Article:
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On 11th September 2007, most of the Mumbai newspapers have published news about a senior citizen undergoing third time bypass surgery in Bombay Hospital. How many times a patient can undergo bypass surgery? Is bypass surgery the final solution for coronary artery disease? Why there is no guarantee that the re-clogging of arteries will not take place after the bypass? Is bypass, angioplasty or stent are the only solution for coronary artery disease?  
On 20th June 2008 Friday 47-year-old Thane resident, Harwanshlal Panchotara, suffered a heart attack during rush hour on a local train His fellow commuters carried the man and took him to Rajawadi Hospital in an autorickshaw but it was too late and the man was declared dead soon after.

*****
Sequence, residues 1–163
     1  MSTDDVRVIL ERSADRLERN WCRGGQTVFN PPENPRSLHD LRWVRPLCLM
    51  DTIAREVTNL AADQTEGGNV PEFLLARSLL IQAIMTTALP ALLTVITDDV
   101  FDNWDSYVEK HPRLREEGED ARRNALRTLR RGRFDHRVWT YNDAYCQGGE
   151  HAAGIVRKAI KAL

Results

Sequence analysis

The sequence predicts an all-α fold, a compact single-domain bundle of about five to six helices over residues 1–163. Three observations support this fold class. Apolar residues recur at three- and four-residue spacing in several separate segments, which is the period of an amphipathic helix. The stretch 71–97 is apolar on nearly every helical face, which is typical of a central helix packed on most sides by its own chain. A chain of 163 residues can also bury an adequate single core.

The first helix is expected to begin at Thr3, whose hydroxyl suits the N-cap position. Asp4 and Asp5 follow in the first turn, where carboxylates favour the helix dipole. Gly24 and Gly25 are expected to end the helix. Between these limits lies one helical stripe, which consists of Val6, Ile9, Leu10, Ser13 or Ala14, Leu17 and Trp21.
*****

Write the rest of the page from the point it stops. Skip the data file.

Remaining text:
India will have 60% of world’s heart cases by 2010
A 2004 study had estimated 60 per cent Indians would be at risk of heart diseases by 2010. On Friday, medical journal The Lancet took it a step further saying it would hit them younger and harder. “The crux of the study is that Indians get heart disease at a much earlier age than the rest of the world and many more die of it here because their illness will be more severe and they don’t get treatment in time,” said Dr Srinath K. Reddy, one of the authors of The Lancet study and president of the Public Health Foundation of India.
Angioplasty 25 hours after heart attack no good, says new study
New York Times
Posted online: Wednesday, November 15, 2006 at 0000 hrs IST NEW YORK, NOVEMBER 14